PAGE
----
included a grandfather who had written about 
evolution. He was Cambridge educated, prior to 
traveling and collecting specimens on the Beagle. 
Wallace was forced by financial circumstances to 
leave school at the age of 14, and worked in the 

Darwin, Wallace, and the evolution of the human mind: s
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building trades, and as a surveyor, with his older 
brothers. He was, essentially, a self-educated 
biologist. But, as Peter Raby (2001:14) has 
described, in the course of Wallace’s work with 
his brother John in London, Wallace was exposed 
to “…lectures on the teachings of Robert Owen: 
socialist, secularist, agnostic, and idealist.” Those 
influences were also to play out and develop over 
the years, and expressed themselves in Wallace’s 
sympathetic attitudes toward the people he met 
and lived with in South America and the islands 
of Borneo, Indonesia, and New Guinea.
As noted above, Wallace was also a traveler and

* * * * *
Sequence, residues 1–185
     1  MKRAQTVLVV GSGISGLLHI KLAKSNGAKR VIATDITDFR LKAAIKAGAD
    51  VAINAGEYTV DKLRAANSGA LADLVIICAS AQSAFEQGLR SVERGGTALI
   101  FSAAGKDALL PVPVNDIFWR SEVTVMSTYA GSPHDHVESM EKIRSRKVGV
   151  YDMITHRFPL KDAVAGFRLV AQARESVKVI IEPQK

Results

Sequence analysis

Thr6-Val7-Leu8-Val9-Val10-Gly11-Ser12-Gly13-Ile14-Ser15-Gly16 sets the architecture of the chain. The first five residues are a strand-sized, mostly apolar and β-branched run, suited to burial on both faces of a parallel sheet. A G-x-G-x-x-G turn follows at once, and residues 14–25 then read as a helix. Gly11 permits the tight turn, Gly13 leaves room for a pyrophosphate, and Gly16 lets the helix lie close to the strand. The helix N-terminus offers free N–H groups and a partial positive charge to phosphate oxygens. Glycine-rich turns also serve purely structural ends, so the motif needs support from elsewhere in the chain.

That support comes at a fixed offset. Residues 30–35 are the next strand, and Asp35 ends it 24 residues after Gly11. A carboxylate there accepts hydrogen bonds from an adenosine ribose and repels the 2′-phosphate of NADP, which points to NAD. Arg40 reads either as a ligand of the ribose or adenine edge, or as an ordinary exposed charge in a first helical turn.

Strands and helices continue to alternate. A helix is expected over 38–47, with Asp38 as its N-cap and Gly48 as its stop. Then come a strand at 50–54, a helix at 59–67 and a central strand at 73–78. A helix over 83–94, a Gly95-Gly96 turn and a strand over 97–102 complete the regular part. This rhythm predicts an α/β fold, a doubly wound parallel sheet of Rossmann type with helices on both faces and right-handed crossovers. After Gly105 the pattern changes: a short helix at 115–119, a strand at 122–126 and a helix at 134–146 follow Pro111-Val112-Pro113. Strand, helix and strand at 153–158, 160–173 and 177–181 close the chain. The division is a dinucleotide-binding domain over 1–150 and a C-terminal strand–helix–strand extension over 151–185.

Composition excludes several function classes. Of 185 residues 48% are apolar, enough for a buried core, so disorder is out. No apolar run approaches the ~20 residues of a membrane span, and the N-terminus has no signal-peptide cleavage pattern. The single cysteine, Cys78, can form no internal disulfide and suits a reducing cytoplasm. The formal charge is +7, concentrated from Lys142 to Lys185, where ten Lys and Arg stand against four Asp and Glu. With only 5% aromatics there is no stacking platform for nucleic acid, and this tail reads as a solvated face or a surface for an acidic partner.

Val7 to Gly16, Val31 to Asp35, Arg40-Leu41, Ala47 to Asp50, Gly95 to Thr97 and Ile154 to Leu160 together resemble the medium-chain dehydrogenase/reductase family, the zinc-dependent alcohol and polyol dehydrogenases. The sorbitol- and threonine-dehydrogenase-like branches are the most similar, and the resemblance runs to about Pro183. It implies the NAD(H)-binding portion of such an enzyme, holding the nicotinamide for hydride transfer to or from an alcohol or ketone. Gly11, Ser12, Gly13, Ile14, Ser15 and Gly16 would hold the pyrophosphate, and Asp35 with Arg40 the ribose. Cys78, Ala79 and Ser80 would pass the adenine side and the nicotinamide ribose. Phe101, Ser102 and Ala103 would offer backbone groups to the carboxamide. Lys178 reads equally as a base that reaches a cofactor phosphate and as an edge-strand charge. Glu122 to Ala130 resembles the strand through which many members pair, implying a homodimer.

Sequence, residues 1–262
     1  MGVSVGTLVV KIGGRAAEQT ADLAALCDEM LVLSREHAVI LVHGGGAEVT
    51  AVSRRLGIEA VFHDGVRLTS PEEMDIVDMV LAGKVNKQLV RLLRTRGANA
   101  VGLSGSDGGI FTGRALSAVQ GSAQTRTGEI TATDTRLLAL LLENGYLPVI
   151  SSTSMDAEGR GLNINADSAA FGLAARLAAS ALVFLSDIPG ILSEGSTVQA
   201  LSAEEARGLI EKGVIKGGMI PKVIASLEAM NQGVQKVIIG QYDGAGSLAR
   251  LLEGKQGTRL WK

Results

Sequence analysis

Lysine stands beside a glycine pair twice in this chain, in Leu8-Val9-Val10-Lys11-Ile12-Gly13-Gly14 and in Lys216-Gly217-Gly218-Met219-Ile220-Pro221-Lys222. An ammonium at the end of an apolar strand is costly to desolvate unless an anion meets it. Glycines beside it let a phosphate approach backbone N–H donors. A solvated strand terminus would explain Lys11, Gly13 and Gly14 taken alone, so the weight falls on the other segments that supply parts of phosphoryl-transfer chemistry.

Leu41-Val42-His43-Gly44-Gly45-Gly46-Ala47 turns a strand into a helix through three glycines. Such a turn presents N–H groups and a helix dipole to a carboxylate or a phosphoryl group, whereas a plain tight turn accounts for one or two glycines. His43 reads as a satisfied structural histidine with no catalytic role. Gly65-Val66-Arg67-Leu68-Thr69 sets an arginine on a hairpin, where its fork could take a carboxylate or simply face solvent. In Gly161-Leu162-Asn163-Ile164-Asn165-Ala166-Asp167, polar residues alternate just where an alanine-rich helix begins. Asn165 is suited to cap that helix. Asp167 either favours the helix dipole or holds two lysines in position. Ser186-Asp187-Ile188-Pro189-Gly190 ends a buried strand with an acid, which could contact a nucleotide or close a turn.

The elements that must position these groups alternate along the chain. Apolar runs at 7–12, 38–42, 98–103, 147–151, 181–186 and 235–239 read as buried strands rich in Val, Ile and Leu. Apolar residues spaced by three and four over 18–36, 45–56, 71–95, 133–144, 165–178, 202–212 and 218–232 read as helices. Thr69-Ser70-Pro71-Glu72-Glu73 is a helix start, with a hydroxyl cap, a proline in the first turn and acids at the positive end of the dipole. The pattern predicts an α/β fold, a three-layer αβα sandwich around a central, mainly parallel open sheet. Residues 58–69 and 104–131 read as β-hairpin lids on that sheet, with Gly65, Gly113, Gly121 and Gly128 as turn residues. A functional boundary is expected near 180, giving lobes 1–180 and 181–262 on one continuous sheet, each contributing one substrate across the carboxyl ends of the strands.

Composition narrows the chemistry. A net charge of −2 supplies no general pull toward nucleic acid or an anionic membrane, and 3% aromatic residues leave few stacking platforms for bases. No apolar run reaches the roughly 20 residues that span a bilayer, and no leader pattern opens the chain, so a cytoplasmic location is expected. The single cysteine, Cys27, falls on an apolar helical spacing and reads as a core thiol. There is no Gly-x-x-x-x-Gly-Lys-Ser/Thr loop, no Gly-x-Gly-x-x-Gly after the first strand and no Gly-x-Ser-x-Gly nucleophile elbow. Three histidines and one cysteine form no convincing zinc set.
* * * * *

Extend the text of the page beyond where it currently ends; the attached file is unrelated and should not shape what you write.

collector, spending four years in regions adjacent 
to the South American Amazon and Rio Negro 
rivers, and eight years in the Malay Archipelago; 
he supported his travels by selling specimens 
to European museums and wealthy collectors. 
However, I have argued elsewhere that differences 
in their modes of travel influenced the course of 
science (Glickman 1985). Darwin traveled as an 
Englishman surrounded by Englishmen. Even 
when on distant islands, or continents, Darwin 
was generally accompanied by crew members of 
the Beagle, or Europeans who lived in those areas. 
In contrast, Wallace, after parting from his fellow 
scientist, Henry Bates, traveled alone in regions 
adjacent to the Amazon and Rio Negro and lived 
with the local people. Although, on occasion, he 
had an English or a Malay, assistant during his 
travels in the Malay Archipelago, much of the 
time, he was truly embedded with the residents 
of various remote villages for long periods of 
time. This experience, when combined with his 
socio-political commitments, gave Wallace a 
very different view of the peoples with whom 
he lived.
Another important note for this Introduction: 
Wallace’s discovery of natural selection, as the 
mechanism of evolution, was not an accidental 
“aha” experience. In the Fall of 1847 Wallace had 
written to his friend and fellow beetle-collector 
Henry Bates, stating that: “I begin to feel rather 
dissatisfied with a mere local collection…I should 
like to take some one family to study thoroughly 
principally with a view to the theory of the origin 
of species (Wallace 1905a: 256-257).” Wallace 
and Bates left for the Amazon in 1848 with that 
goal in mind.